• October SMAS meeting – tbd
    • Nov/Dec SMAS meeting – Elections and potluck

    2015 is the Centennial of General Relativity and the International Year of Light, watch for upcoming events

  • November\December SMAS meeting

    Posted on November 18th, 2014 Lynn Powers No comments

    We combine our November and December meetings, so our next meeting will be on Friday December 5, 2014 at 6:00 p.m. We will be meeting at the Bozeman Fire Station #3 located off of Davis Drive between Babcock and Oak Streets.  Enter in by the flag pole.  Contact  me if you need directions.  We will announce election results and finish off with a potluck.  SMAS will provide the main dish, members are asked to bring a side dish, salad, or dessert to share.

    UPDATE:  It was a fabulous potluck with great food and conversations. It was nice to catch up with everyone and share what is going on with our shared hobby.  We talked about new scopes and old scopes, we discussed astrophotography and the new Orion Mission that went up today – history in the making!   Here is a screen shot from shortly after take off this morning 12/5/14.  I watched the event on NASA tv.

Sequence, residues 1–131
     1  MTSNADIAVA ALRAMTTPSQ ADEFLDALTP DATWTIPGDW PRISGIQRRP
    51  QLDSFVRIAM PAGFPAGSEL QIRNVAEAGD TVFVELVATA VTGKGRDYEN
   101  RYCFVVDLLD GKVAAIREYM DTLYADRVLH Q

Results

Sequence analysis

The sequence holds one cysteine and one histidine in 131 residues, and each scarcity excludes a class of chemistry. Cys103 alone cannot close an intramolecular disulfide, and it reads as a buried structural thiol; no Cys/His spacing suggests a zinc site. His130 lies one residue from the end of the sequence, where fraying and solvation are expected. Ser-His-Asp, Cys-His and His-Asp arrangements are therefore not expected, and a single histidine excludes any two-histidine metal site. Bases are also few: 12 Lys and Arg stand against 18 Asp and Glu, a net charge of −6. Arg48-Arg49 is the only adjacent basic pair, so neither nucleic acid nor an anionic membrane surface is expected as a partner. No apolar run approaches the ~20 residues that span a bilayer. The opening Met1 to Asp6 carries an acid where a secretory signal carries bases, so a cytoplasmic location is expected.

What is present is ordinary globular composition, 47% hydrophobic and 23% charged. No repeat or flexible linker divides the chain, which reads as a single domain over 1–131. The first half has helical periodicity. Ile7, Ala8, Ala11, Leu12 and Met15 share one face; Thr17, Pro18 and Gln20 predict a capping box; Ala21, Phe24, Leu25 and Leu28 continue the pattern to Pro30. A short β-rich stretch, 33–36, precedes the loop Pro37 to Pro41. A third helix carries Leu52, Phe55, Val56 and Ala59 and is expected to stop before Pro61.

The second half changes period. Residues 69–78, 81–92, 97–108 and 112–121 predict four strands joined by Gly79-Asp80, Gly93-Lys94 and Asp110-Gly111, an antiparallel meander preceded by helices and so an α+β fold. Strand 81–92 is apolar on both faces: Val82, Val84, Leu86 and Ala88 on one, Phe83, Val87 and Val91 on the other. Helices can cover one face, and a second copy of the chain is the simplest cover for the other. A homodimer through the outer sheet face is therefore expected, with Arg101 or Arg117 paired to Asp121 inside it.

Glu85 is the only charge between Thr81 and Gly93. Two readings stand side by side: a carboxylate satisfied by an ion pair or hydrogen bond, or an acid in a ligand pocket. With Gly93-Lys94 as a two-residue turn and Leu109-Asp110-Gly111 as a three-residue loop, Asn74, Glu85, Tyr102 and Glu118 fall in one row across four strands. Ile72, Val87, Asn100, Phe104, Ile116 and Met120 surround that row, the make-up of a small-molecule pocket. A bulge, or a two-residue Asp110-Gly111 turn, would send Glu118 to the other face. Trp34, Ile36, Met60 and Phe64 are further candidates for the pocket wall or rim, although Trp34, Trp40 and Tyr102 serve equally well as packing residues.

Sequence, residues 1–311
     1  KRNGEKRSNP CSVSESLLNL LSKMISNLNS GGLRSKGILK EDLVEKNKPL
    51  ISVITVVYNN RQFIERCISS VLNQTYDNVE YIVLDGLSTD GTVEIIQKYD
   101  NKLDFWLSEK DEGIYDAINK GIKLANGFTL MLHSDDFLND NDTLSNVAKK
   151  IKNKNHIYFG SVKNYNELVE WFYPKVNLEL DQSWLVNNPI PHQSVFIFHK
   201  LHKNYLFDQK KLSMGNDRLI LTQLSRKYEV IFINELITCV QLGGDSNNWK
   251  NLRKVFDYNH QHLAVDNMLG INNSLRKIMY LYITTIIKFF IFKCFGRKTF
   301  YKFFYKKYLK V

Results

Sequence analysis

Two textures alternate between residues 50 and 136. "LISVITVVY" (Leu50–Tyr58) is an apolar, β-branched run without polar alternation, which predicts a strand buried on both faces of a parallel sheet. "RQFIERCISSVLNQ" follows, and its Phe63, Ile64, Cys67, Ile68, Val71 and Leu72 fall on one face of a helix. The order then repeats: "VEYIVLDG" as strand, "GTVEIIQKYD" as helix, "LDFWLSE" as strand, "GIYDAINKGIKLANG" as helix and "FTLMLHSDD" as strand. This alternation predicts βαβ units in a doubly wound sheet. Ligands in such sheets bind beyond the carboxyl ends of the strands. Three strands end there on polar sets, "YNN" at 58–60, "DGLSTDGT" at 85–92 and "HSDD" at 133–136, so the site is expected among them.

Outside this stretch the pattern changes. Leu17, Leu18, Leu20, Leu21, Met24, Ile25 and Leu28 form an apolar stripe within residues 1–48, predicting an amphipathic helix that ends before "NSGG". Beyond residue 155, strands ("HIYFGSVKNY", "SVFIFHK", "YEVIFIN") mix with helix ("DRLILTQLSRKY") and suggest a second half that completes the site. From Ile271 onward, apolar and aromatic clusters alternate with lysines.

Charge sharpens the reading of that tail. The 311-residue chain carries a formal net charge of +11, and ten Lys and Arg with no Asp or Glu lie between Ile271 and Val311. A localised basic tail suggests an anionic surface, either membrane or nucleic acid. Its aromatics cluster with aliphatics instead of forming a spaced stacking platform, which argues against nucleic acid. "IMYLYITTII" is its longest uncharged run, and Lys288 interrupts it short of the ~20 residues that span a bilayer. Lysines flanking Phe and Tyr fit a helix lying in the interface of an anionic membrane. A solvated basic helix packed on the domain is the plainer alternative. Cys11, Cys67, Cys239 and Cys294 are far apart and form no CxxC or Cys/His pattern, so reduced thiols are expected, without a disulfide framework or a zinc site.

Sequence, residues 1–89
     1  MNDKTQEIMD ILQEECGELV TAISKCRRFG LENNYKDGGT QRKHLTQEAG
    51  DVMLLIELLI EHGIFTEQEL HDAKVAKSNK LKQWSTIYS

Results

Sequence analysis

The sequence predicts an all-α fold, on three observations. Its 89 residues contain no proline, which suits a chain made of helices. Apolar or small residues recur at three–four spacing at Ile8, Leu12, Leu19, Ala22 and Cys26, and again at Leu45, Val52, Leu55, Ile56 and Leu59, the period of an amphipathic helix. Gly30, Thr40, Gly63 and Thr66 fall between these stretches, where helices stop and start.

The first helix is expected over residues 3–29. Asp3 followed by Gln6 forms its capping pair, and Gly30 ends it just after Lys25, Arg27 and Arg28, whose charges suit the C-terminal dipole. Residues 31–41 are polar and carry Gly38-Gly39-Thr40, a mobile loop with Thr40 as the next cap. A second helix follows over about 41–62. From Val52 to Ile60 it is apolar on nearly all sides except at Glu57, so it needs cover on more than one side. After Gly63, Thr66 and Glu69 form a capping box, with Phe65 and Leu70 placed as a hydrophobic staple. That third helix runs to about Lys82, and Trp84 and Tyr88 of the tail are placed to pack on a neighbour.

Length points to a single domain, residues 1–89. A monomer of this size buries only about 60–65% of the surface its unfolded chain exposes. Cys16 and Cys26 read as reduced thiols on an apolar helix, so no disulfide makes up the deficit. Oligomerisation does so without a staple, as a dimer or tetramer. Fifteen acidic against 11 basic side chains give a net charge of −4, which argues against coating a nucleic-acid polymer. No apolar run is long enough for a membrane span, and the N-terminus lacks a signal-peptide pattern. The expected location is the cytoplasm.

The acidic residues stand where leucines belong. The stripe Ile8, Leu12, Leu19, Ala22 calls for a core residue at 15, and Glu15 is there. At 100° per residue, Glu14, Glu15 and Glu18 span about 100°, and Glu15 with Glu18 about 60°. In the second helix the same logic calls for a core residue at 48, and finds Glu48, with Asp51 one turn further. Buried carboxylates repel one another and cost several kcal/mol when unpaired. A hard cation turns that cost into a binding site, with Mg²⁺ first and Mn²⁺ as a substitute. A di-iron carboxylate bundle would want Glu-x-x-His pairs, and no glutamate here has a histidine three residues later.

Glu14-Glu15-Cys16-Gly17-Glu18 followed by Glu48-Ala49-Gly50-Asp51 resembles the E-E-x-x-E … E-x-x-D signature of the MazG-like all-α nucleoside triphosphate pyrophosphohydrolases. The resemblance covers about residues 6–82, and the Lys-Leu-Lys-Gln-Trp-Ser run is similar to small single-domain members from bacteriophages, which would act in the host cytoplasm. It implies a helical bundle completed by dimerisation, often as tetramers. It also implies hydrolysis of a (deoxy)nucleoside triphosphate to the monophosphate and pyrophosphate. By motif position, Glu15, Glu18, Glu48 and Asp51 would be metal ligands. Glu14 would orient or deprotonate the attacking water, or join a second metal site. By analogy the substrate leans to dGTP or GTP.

• Where the Heavenliest of Showers Come From

    Posted on November 12th, 2014 Lynn Powers No comments

    By Dr. Ethan Siegel

    You might think that, so long as Earth can successfully dodge the paths of rogue asteroids and comets that hurtle our way, it’s going to be smooth, unimpeded sailing in our annual orbit around the sun. But the meteor showers that illuminate the night sky periodically throughout the year not only put on spectacular shows for us, they’re direct evidence that interplanetary space isn’t so empty after all!

    When comets (or even asteroids) enter the inner solar system, they heat up, develop tails, and experience much larger tidal forces than they usually experience. Small pieces of the original object—often multiple kilometers in diameter—break off with each pass near the sun, continuing in an almost identical orbit, either slightly ahead-or-behind the object’s main nucleus. While both the dust and ion tails are blown well off of the main orbit, the small pieces that break off are stretched, over time, into a diffuse ellipse following the same orbit as the comet or asteroid it arose from. And each time the Earth crosses the path of that orbit, the potential for a meteor shower is there, even after the parent comet or asteroid is completely gone!